Practicum - week 2

Welcome to the first practicum!


Log in and get acquainted with the terminal. Open more virtual terminals, etc. Try pressing the middle button of the mouse to copy the highlighted text. Try deleting with ^h. Close a virtual terminal with 'exit', as well as with ^d. (Remark: from now on ^ will refer to the CTRL button.)


Change your password (passwd), and don't forget the new one!

Rule no. 1.: Never tell anybody your password!


Check the shell you are using with: 'echo $SHELL'. You should get '/usr/local/gnu/bin/bash'.
Try out typing the same, but changing the case, like 'ECHO', '$shell', etc. Use the upper cursor to save typing. Notice the different error messages.

What is the reason for that if you type both an incorrect command (like 'Echo') with an incorrect variable name (like '$sheLL') you are told about the variable, and not about the command? Remember what we have told about the way the shell works...


Check which directory you are in ('pwd'). List the content of this directory ('ls'). Walk within the directory tree using 'cd'. What does 'cd ..', 'cd ../..', etc.? Always look at your prompt, and check if it really shows your actual working directory ('pwd'). Always list the actual directory, see at its content, and walk up and down. Check also 'ls -l'. In many systems the command 'll' is just a standard alias for abbreviating 'ls -l': try it out. If you are lost, go home (simply 'cd' or 'cd ~'), and check if you are really there.


Now that you are back home, you can start changing the content of your home directory.  Make new directories, check their content and remove them. Create files ('cat > filename') , check them ('ls', 'ls -l', 'cat filename') and remove them. Check if you could successfully remove your directories and your files.

Try to remove a non existent file or a non existent directory. Try to remove a directory with 'rm' (without '-r'). What happens?

What is ~/.. ? Try creating a directory and a file in ~/.. !

Note that UNIX doesn't give you any message if the task could be successfully executed! Therefore:

Rule no. 2.: Always check the effect of your commands!

Play around with: cp, mkdir, mv, rm, rmdir, ls. Try out different wildcards.
Use the TAB and the double-TAB to save typing.

Try 'who', 'who am i', 'w', 'date' and 'cal'. (Don't forget 'cal 09 1752'!)

Get information on these commands using 'man <command_name>' and '<command_name> --help | more'. (Within man or less: use cursor-up, cursor-down and 'q' to quit; while 'space' and 'enter' within more.)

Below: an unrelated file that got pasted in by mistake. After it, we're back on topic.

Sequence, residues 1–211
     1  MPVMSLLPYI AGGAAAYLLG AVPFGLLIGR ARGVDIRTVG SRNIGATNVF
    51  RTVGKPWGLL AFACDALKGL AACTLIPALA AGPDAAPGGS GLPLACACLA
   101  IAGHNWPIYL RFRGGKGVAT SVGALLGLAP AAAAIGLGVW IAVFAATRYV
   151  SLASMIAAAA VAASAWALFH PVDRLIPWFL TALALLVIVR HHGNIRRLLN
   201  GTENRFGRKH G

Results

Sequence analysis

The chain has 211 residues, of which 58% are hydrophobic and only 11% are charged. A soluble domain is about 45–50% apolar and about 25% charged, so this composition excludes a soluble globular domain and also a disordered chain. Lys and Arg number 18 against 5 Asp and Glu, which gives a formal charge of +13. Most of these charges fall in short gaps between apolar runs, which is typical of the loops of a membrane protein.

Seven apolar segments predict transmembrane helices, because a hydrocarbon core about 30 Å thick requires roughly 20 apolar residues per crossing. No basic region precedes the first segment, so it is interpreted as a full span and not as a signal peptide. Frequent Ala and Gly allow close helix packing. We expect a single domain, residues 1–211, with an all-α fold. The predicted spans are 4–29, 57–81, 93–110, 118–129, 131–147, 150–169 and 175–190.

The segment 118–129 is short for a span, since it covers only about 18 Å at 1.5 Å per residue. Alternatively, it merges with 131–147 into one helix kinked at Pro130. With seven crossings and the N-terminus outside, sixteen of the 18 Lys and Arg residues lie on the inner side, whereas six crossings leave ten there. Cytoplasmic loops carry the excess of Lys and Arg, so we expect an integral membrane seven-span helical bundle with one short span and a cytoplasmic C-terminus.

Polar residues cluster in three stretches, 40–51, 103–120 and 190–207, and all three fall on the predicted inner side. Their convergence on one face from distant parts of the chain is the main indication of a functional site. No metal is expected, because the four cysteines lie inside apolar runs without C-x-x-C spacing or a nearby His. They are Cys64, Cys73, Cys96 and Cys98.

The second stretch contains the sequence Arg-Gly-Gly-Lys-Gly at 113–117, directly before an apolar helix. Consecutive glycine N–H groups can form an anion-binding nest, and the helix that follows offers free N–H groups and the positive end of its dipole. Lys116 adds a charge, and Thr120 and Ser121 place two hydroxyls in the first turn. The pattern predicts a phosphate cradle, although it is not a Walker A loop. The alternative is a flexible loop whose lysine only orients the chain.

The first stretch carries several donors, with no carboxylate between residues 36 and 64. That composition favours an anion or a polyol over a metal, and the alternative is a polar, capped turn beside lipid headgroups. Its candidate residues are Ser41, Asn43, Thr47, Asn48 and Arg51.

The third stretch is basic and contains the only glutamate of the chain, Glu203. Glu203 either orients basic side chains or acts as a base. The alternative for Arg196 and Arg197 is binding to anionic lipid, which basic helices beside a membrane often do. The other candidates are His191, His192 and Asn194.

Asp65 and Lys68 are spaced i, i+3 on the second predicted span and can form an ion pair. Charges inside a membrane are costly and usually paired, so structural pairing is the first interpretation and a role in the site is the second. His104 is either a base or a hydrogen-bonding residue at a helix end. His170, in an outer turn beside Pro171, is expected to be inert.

Assignment to be presented to one of the instructors:

Create a directory 'assignment_1'  within your home directory.  Create the following ones within it: a directory called 'apple' and files called 'alfa', 'beta', 'gamma', 'delta' and 'epsilon'.

Then give the appropriate command using wildcards to (in this order), without changing directory:
- list 'apple' and 'alfa'
- get a long list about 'alfa' and 'beta' (note that both contain exactly 4 letters)
- get a reverse alphabetical list (according to the latin alphabet) of 'gamma' and 'delta' (there are more possibilities) (check the manual for the appropriate options)
- move 'gamma' and 'epsilon' into 'apple'
- rename 'apple' to 'pear'
- copy 'alfa' to your home directory
- remove 'alfa' from your home directory
- copy the content of (the files within) 'pear' into your working directory
- remove the content of 'pear'
- remove 'pear', but let the computer ask you beforehand if you really want it.

(Points: 8 minus the number of not done tasks.)


10 minutes of vi

Start vi by typing: ' vi <filename> '. Then don't panic!

There are tree modes in vi:
- command mode: typing a character means a command, and does not appear on the screen.
- input mode: now you can type in whatever text you wish into your text, to the place where the cursor is.
- status-line mode (last-line mode): issuing long commands that will appear on the bottom line of your screen.

Changing between these modes:
- when you enter vi, you are in the command mode;
- pressing the 'Esc' button ('escape') brings you back always to command mode;
- from command mode 'a' or 'i' brings you to input mode;
- from command mode ':' brings you to the last-line mode.

In the input mode you can just type in your text, but you will sometimes be surprised that you are not able to delete it. Maybe you are even not able to use the keys for moving your cursor! Then go back to the command mode (by using Esc) and bring the cursor onto the character you wish to delete. Just press 'x' to delete. Then 'a' or 'i' will bring you back to input mode.

Are you lost and even not able to move your oursor? Use the h (left), j (down), k (up) and l (right) keys in the command line.

In fact 'x' deletes the given character by putting it into a buffer ("cut") and 'p' will paste it to the actual position of the cursor. If you wish to put more than one character into the buffer (e.g. copying or moving an entire word), then just type the number of characters before 'x'. For instance '5x' will delete five characters, and put them into the buffer. Finally, 'dd' will delete you a line, and put it into the buffer. If you get lost, just don't panic...

By pressing ':', you get to the last-line mode. Pressing 'vi' will start a new file ("new document"), 'vi <file_name>' opens the mentioned file. Typing 'w' will
save (write) our file, while typing 'w <file_name>' saves as (under) the given name.

Leaving this sadistic editor is possible by typing 'q' (quit), 'q!' (quit, even if not saved) or by 'wq' (save and quit).

Assignment: show the teacher that you manage to handle vi, at least for 45 seconds...!

(2 points)


Now you can try out pico and pine! Relax and enjoy having left vi...